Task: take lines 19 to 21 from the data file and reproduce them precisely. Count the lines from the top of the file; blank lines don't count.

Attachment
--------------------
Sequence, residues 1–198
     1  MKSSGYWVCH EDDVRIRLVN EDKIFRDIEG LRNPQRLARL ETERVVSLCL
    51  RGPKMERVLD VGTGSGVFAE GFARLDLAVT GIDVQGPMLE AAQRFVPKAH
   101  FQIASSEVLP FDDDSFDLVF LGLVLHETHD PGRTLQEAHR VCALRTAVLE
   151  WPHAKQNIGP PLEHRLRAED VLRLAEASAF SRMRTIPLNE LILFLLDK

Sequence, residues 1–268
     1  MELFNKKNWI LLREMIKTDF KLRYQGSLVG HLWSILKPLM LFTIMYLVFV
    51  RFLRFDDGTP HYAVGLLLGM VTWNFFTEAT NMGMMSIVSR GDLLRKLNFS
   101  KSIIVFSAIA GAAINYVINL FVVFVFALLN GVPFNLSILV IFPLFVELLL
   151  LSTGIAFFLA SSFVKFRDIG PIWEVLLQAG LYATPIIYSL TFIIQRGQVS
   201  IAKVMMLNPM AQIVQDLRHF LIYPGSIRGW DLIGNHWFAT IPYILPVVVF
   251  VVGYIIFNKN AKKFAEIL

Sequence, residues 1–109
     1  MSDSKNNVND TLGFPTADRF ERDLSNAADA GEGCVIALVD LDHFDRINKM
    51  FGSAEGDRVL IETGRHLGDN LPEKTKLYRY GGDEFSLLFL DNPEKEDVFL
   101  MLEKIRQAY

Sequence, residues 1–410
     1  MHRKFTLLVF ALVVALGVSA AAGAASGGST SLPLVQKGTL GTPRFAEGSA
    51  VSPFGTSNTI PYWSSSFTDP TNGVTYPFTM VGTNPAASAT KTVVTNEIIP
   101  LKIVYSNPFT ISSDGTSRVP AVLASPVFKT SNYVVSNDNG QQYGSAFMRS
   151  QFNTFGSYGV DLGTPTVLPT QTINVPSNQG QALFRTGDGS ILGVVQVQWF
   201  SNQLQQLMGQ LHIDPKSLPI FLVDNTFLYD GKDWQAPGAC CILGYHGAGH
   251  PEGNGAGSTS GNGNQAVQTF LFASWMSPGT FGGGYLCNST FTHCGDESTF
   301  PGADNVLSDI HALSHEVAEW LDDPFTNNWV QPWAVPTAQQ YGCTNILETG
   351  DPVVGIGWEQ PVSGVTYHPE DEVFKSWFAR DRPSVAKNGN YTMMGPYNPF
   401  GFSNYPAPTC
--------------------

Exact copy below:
    51  VSPFGTSNTI PYWSSSFTDP TNGVTYPFTM VGTNPAASAT KTVVTNEIIP
   101  LKIVYSNPFT ISSDGTSRVP AVLASPVFKT SNYVVSNDNG QQYGSAFMRS
   151  QFNTFGSYGV DLGTPTVLPT QTINVPSNQG QALFRTGDGS ILGVVQVQWF